Supplementary Reading #3, April 1999greenspun.com : LUSENET : M.Ed./International Falls : One Thread
Supplementary Reading #3, April 1999
Rose, M., Glass, R. S. (Dec.,1998-Jan., 1999). Saving Title I. American Teacher,Vol. 83, No. 4, 10-12. Summarized and reflected by Jill Katrin
This article discussed the benefits of the Title I program, and the great loss that might occur if Congress tries to turn the Title I program into a block grant next year. Title I is the single largest program within the federal Elementary and Secondary Education Act. A block grant takes the money from a number of separate programs used for separate purchases and combines these funds into one big pot. Title I could suffer the loss of funds if it is turned into a block grant program. This will result in many changes with the Title I program.
The underlying reasons for those who want to seek change with the Title I program believe that the program is not presently working. Others want to fold the Title I program because they want to undercut the federal role and responsibility in public education. Rosalie Huff, Bowen Elementary of Washington, D.C. states, Critics need to come out to local schools and see how these funds are being used. Elizabeth Primas, Success for All coordinator at Bowen Elementary added, To say Title I doesnt work at all is incorrect and based on a lack of actual working knowledge with programs in the schools.
The Title I program provides the resources needed to run a successful program. Additional teachers and paraprofessionals have been hired as well as numerous instructional materials, computers, etc. Title I is critical to building on the academic progress made in the school, states Gail Kearson-Gough, a master teacher at Baltimores Franklin Square Elementary School.
This program provides individual and small group instruction. Reinforcement of classroom instruction is an instrumental part of the program. Title I has even brought extended day programs, career academies and cultural programs for students. Title I is simply the most important vehicle that schools like Franklin Square have for instituting high-quality instructional programs and vital student services, says Principal Peggy B. Brown.
The Title I program reduces class size. Reading and Math achievement has been shown throughout the program. One particular school showed ten months growth in reading achievement, and sixteen months growth in math achievement over a six month span last year.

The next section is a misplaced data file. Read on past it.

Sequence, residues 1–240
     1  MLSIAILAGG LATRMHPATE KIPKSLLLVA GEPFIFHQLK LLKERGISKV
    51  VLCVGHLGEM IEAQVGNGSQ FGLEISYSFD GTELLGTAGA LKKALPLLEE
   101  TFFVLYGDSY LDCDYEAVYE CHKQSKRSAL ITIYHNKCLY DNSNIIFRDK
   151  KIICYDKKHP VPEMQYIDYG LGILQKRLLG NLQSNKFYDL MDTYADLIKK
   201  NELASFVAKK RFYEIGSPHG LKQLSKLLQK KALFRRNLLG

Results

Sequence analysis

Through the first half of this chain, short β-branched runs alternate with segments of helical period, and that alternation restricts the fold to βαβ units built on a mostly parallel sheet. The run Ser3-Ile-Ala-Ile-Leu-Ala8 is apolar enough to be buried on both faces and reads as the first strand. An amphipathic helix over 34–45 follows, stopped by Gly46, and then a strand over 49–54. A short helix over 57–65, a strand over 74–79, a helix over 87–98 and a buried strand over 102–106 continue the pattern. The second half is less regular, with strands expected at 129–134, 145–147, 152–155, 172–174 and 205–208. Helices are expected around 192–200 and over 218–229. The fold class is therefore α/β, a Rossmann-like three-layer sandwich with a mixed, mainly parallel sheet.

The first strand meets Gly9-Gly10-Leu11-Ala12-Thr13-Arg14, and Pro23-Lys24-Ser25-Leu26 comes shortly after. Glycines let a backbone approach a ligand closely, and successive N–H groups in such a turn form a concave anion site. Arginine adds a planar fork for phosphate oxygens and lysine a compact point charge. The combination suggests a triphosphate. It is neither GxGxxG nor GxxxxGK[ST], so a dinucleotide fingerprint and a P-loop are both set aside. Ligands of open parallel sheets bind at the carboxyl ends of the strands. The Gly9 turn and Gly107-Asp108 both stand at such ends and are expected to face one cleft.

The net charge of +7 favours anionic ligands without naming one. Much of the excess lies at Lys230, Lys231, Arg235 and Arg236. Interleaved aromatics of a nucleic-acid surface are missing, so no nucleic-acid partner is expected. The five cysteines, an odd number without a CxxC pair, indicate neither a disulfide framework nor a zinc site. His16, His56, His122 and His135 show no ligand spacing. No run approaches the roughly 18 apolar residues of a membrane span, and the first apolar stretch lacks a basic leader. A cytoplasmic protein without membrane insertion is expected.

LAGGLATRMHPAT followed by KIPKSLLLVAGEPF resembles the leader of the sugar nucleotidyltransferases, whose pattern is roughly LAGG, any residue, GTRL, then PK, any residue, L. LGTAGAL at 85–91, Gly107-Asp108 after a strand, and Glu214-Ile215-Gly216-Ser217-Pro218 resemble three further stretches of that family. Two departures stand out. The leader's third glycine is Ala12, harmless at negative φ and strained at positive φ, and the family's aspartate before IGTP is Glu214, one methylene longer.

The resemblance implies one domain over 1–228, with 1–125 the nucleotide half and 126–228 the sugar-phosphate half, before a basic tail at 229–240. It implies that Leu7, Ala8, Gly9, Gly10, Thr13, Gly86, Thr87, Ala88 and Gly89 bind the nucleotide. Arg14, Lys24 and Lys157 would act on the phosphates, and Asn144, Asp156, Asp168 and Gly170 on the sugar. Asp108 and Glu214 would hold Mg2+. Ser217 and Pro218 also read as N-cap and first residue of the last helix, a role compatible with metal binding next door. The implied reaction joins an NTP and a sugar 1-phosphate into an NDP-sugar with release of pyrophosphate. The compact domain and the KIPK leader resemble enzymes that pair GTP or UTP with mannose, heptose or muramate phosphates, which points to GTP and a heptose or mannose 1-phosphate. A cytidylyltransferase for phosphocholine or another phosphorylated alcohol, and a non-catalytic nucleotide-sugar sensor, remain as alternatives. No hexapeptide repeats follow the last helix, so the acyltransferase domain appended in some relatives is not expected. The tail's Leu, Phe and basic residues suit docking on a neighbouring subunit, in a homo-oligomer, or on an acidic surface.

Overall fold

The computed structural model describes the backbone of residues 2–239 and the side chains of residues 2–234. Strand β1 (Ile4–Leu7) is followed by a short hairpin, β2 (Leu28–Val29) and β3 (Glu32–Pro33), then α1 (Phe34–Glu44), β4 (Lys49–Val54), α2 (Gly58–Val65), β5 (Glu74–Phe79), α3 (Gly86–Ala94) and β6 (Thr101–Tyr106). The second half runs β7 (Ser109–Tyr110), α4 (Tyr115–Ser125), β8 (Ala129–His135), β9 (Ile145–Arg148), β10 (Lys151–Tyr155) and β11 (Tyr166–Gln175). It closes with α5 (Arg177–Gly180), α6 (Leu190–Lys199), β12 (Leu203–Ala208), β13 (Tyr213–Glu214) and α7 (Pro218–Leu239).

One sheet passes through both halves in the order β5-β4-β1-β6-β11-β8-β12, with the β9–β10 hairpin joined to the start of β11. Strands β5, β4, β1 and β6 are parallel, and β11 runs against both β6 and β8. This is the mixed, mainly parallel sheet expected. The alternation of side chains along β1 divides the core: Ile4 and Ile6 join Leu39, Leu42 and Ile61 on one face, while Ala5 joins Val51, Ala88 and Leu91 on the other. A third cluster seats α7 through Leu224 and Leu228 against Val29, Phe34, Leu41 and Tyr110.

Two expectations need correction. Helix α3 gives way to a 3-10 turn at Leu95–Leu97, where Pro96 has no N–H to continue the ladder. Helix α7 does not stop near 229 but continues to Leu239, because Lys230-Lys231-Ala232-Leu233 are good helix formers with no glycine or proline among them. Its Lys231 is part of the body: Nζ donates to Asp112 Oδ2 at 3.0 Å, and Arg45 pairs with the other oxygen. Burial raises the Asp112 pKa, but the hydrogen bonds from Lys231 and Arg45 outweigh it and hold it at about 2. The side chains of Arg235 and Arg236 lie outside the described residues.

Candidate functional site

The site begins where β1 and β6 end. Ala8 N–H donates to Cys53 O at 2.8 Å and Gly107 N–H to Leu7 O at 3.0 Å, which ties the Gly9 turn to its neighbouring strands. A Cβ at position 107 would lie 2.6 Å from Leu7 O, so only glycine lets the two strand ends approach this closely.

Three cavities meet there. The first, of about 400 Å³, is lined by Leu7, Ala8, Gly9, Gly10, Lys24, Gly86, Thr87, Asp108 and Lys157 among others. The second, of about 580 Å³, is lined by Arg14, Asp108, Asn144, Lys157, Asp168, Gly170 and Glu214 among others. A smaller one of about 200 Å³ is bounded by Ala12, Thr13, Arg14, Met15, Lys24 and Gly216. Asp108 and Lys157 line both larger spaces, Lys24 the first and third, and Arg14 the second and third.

I read this article because the title immediately captured my attention. We have a Title I program in our school district that starts with Early Childhood through sixth grade. At Holler Elementary School, where I teach, we have four full-time Title I teachers and one Title I paraprofessional. They work with kindergarten, first and second graders. These individuals either go into the classrooms to provide additional help, or the students go to the Title I room for help.
Their assistance, turtoring, and mentoring greatly impact the students learning. Children struggling in Reading or Math are provided the extra boost that clearly makes a difference. The children work in groups of no more than six or work one on one with a Title I teacher. In Reading, these teachers work on phonetics, vocabulary words, comprehension, oral reading, inferential questions, and other reading concepts. They also assist the children with classroom assignments.
During Math instruction, hands on activities are used to develop Math skills. The computers are used as another teaching tool. This year the Title I teachers developed a new Math program for Title I students called Mars Math. Using manipulatives to develop concepts concretely is the focus of their program. The program reinforces skills students are learning in their regular classrooms.
The Title I program in our schools and programs across the nation are helping to build a solid educational foundation for all students. I was involved with the Title I program as an Early Childhood Title I teacher before I stepped into my current position as a second grade teacher. Part of my position was to work with parents as well as the students in need. I was involved with the Early Childhood screening process which identified children delayed in language development, fine and gross motor, vision, hearing, etc. Children identified with delays were helped through the Early Childhood Title I program. The need for early intervention can be addressed through this program. I cant imagine preparing my second graders with all the skills they need to acquire without the help of the Title I program. This program helps prepare students for future success versus failure.
It will take a tremendous effort on the part of the entire education community to prevent changes in Title I that we believe would destroy it as significant source of funding for our neediest kids and their schools, state Nat LaCour, task force chair for AFT. The Title I program in our school district is making a difference in the education of our students. Students test scores and achievement continue to improve with the help of this program. As educators, we need to show our support of the program for the benefit of the children.
-- Anonymous, April 06, 1999